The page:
BIOTIC Species Information for Furcellaria lumbricalis
Researched byWill Rayment Data supplied byMarLIN
Refereed byThis information is not refereed.
General Biology
Growth formArborescent / Arbuscular
Feeding methodPhotoautotroph
Mobility/MovementPermanent attachment
Environmental positionEpilithic
Typical food typesNot relevant HabitAttached
BioturbatorNot relevant FlexibilityHigh (>45 degrees)
FragilityFragile SizeMedium-large(21-50cm)
HeightUp to 30 cm Growth Rate1.3% increase in fresh weight / day
Adult dispersal potentialNone DependencyIndependent
General Biology Additional InformationSize at maturity
Plants become fertile when they achieve their full size of 90-300mm according to habitat, during the 4th to 6th year (Austin 1960a,b).
Growth rate
Bird et al. (1979) reported growth rates of Furcellaria lumbricalis in the laboratory as a doubling in weight in 25-50 days or a 3.3% increase in fresh weight per day. For comparison, the corresponding rates for Chondrus crispus are 10 days and 7.3%, and for Fucus serratus are 12.5 days and 6.2%. These figures suggest that Furcellaria lumbricalis grows slowly in comparison to other red and brown seaweeds. The reported growth rates from the field are even slower. Blinova (1975) (cited in Bird et al., 1979) recorded a doubling in fresh weight every 167 days and Taylor (1975) (cited in Bird et al., 1979) recorded a 1.3% increase in fresh weight per day. From a site in Wales, Austin (1960b) reported annual length increments of 29-37mm in fronds initially ranging from 10-60mm in length.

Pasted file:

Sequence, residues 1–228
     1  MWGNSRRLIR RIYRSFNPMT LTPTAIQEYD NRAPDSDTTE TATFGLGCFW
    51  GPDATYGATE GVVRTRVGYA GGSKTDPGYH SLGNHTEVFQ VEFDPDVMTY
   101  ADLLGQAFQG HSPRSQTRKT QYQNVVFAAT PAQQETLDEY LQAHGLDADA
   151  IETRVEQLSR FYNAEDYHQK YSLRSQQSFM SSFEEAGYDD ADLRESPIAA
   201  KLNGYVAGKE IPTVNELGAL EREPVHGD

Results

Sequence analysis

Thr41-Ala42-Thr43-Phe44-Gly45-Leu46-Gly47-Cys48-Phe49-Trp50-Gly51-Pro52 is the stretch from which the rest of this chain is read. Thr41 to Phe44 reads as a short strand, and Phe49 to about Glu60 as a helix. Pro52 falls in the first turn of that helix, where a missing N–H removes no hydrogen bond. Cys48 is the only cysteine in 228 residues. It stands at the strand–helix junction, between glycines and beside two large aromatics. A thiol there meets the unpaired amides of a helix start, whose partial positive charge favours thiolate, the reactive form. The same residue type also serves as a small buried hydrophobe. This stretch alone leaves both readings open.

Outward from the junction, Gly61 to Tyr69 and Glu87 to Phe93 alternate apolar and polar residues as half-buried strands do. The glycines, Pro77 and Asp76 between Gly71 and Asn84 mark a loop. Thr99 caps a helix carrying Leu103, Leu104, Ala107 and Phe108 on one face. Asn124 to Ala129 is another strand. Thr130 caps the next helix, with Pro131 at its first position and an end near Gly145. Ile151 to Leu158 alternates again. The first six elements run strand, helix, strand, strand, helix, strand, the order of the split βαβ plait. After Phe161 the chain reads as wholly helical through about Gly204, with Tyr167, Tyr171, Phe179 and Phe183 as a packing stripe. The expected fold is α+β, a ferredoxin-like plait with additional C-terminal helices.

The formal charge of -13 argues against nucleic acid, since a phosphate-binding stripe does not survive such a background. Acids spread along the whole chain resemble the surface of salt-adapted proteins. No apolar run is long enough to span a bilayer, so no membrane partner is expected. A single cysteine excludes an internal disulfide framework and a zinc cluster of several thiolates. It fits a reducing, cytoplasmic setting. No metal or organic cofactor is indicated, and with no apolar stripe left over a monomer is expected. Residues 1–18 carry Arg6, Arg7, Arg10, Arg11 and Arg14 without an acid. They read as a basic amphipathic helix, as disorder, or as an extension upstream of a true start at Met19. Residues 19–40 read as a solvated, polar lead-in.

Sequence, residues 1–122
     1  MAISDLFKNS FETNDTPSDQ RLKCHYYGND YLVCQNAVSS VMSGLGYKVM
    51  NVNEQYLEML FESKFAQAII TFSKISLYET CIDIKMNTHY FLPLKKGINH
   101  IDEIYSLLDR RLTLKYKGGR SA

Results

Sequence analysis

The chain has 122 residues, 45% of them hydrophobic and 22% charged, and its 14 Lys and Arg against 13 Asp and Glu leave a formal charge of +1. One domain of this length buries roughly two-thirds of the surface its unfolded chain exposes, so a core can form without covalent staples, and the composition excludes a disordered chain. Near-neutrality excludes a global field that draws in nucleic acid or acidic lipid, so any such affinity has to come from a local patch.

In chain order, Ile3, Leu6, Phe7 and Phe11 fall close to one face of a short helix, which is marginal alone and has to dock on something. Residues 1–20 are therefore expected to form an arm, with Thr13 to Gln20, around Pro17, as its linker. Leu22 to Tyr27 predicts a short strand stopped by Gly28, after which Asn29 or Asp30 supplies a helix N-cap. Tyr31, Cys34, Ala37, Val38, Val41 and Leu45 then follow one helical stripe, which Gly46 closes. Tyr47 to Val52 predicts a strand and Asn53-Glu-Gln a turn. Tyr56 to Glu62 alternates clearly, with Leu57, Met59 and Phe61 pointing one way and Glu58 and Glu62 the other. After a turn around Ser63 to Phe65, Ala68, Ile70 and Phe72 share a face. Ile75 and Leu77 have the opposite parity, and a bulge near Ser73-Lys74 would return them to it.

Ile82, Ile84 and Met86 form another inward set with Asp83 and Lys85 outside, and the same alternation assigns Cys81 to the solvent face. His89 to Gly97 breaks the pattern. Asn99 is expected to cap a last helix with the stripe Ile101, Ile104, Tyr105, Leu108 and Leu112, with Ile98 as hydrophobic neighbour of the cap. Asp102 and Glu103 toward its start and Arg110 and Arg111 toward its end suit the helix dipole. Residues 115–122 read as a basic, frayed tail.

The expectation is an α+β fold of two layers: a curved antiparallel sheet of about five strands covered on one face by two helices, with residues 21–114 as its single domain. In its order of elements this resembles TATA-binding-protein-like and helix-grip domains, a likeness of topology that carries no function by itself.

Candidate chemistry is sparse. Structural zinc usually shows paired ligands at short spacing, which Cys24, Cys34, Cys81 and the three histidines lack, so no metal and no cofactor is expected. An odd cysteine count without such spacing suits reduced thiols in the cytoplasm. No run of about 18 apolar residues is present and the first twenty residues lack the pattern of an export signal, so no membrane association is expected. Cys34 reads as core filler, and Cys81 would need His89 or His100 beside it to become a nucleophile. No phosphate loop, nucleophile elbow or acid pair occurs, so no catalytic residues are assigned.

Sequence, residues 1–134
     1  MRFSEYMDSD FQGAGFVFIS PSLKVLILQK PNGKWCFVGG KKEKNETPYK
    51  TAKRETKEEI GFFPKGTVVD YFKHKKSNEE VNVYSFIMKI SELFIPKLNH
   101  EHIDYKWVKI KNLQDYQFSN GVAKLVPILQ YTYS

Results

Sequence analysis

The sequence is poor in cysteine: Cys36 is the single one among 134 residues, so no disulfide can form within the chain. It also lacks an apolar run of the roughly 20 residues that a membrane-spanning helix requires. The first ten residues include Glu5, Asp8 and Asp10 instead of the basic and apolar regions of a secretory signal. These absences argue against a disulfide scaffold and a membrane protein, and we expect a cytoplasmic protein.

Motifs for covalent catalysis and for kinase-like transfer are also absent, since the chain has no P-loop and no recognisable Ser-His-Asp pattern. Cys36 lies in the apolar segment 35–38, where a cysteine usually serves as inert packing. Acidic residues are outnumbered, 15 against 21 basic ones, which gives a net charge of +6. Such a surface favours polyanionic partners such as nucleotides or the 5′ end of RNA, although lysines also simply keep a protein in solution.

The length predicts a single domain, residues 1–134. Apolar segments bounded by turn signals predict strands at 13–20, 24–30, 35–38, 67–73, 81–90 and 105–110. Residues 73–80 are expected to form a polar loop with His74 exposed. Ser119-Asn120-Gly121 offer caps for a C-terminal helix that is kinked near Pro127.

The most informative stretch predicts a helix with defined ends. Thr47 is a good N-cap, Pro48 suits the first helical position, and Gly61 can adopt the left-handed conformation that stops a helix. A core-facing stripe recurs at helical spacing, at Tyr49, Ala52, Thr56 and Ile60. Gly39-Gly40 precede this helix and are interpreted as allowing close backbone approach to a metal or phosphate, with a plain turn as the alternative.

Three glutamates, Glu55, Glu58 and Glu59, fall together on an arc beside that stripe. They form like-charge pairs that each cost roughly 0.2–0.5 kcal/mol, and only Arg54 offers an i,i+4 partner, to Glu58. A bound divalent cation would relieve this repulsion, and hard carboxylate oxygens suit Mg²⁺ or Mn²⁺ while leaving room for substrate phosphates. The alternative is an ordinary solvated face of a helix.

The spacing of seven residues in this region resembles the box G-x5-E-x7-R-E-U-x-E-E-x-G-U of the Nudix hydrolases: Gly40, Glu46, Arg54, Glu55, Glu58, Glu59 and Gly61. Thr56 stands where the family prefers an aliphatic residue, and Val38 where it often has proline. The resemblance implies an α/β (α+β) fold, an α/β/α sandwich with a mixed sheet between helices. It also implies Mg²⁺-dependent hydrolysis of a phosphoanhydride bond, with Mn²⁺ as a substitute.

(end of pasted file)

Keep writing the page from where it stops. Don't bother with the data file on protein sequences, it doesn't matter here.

Environmental position
As well as the commoner epilithic form, a free floating variant Furcellaria lumbricalis forma aegagropila has been reported forming rafts several metres thick on the Danish coast and may occur in Scottish and Irish sea lochs (Levring et al., 1969). The free floating form has a globose thallus of radiating fronds and is smaller in stature and frond diameter, with denser and less regular branching than the attached form (Bird et al., 1991).
Biology References Dickinson, 1963, Fish & Fish, 1996, Dixon & Irvine, 1977, Bird et al., 1991, Austin, 1960a, Austin, 1960b, Bird et al., 1979, Levring et al., 1969, Sharp et al., 1993, Barton, 1901,
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